19.      The Heir of Isildur rides to Dunharrow with a small group of Men.

20.      Sauron decides to attack Gondor at once with all the force he can quickly muster in order to prevent the Heir of Isildur from using it a base of operations.

21.      Sauron makes certain Denethor knows about the Heir of Isildur in order to incense Denethor’s pride and arouse his jealously, splitting his opponents operating in Gondor.

22.      Sauron causes Orodruin to belch a tremendous cloud of volcanic dust, obscuring the sky and the sun.

23.      Sauron attacks Minas Tirith with three armies: one in the north to block any assistance from Rohan, one from Minas Morgul led by his chief commander, the Witch-king, and one from Harad. In addition, a large marine invasion of the coasts of Gondor is launched from Umbar to prevent any help arriving in Minas Tirith from the populous southern fiefs.  Sauron probably believes his northern force blocking the road from Rohan has cut off the Heir of Isildur from Minas Tirith, too.

24.      Gandalf the Grey (Sauron doesn’t know the difference) reappears. He was supposed to be dead, but you know, accidents happen.

25.      Minas Tirith is quickly enveloped and its Gates broken. But an unexpected wind from the Sea breaks Sauron’s darkness. The cavalry of Rohan arrives unexpectedly, somehow evading his northern army commanding the road. The Witch-king is destroyed! Then the Heir of Isildur arrives in Sauron’s own ships from Umbar with a powerful force from the coastal fiefs, completely defeating his remaining armies outside Minas Tirith. Very few escape.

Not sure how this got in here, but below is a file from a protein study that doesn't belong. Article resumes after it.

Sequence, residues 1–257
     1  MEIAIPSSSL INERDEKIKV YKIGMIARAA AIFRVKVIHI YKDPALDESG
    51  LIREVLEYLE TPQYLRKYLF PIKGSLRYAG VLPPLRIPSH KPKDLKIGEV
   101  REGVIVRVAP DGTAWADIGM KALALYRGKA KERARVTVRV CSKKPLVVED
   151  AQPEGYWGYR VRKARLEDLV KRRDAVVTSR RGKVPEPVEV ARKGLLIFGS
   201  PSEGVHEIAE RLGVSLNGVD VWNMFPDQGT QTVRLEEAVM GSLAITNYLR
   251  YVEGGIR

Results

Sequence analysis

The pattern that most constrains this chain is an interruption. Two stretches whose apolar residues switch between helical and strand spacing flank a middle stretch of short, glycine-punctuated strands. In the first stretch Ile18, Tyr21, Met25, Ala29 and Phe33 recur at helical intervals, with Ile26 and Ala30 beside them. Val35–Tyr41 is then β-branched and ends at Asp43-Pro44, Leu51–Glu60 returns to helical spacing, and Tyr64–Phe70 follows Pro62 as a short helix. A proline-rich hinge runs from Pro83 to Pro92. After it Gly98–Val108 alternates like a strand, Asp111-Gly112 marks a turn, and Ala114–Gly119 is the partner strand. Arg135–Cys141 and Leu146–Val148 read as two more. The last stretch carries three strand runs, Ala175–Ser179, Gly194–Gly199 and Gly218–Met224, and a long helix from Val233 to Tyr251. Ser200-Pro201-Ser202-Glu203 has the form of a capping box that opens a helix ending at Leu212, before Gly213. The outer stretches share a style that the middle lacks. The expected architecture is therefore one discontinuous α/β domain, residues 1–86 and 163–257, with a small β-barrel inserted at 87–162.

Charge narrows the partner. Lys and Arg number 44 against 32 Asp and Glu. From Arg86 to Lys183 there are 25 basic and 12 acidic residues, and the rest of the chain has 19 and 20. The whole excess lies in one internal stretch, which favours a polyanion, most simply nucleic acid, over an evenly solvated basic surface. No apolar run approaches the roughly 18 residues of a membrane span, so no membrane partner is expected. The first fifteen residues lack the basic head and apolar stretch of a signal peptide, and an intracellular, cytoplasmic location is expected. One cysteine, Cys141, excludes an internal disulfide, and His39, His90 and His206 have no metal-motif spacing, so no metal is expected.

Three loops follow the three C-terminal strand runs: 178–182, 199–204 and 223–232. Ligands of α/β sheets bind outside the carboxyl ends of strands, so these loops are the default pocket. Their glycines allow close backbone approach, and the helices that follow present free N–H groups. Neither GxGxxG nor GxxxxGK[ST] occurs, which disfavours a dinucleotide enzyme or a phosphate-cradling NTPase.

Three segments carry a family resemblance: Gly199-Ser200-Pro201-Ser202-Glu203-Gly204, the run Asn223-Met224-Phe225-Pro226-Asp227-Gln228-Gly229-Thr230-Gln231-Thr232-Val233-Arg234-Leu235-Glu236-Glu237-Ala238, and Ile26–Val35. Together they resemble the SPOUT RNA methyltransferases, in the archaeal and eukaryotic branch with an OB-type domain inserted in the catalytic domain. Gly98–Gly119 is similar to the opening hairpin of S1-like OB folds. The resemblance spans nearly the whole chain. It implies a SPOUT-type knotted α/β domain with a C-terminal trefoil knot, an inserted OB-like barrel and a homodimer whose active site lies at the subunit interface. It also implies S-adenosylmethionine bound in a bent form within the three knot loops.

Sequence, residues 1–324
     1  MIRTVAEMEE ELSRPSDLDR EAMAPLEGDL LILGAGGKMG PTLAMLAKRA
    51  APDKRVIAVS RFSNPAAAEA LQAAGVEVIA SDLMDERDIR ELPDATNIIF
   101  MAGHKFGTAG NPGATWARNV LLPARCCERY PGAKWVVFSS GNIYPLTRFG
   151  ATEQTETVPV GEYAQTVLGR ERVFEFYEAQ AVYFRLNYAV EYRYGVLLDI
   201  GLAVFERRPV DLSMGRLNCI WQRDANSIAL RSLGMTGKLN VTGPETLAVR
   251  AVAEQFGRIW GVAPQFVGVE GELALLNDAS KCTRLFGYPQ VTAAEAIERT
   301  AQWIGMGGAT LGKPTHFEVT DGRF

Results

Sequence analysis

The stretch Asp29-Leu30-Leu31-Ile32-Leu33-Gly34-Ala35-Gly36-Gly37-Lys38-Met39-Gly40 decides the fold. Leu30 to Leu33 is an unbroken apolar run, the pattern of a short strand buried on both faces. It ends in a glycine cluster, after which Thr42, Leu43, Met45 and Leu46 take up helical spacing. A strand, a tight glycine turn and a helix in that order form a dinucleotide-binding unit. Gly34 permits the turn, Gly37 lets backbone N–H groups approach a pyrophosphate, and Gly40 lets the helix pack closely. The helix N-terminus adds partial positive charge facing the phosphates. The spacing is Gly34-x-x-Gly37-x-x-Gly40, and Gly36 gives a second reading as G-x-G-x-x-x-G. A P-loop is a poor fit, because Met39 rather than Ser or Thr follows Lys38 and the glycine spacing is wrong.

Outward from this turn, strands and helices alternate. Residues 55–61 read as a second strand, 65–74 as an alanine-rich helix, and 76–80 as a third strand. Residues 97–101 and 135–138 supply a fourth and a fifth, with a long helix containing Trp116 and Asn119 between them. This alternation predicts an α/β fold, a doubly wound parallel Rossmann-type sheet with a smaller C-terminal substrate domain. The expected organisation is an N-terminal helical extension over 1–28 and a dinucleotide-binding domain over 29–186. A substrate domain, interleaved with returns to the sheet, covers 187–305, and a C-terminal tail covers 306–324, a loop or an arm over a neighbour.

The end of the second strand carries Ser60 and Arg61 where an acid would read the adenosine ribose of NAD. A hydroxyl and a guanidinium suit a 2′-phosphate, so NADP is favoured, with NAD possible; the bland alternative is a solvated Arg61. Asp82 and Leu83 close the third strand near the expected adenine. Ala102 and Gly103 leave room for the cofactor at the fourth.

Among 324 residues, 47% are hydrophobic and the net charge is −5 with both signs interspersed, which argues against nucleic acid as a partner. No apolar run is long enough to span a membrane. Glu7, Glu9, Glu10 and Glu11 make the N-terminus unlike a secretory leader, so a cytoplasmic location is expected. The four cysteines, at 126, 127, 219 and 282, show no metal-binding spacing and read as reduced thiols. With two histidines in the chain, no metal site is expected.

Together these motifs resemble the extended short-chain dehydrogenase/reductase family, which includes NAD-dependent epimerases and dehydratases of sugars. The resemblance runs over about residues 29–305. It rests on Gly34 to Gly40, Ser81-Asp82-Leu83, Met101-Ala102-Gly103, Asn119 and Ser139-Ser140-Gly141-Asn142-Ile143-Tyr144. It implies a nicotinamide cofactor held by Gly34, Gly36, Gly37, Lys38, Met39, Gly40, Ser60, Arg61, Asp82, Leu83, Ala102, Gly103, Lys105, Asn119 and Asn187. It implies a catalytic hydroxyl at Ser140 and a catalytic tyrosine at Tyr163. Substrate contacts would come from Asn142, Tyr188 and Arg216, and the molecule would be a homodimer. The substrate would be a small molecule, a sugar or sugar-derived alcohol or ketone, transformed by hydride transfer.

26.      Sauron subsequently learns that the Heir of Isildur attacked his naval expedition using wraiths.

 

We have now reached the “Last Debate” in Return of the King.  I see no reason Sauron should not believe that Aragorn is using the Ruling Ring, but every reason he should.  Gandalf said that Sauron would wait for a time in which one of the allies would seek to seize the Ring for himself and put down any opposition. It seems to me that for Sauron, this might be a slim hope if the Heir of Isildur had possession of the Ring, unless he believed Gandalf would try to wrest it from him.

 

As far as I can tell, Sauron made one critical error, succumbed to one major deception of his enemies, leading him deeper into the oversight that Elrond and Gandalf foresaw and exploited. 

a.           He initially believed “Baggins” was a Man.  His Nazgûl were sent to search for a Man rather than a Halfling. This was his critical error, delaying and misdirecting the Nazgûl’s hunt for “Baggins”.

b.           He believed Aragorn had the Ring. This is due to deliberate deception by Aragorn, using himself as bait to distract Sauron from his real peril.

c.            As Elrond and Gandalf foresaw, Sauron failed to realize that his enemies had determined to destroy the One Ring until that bitter end came upon him.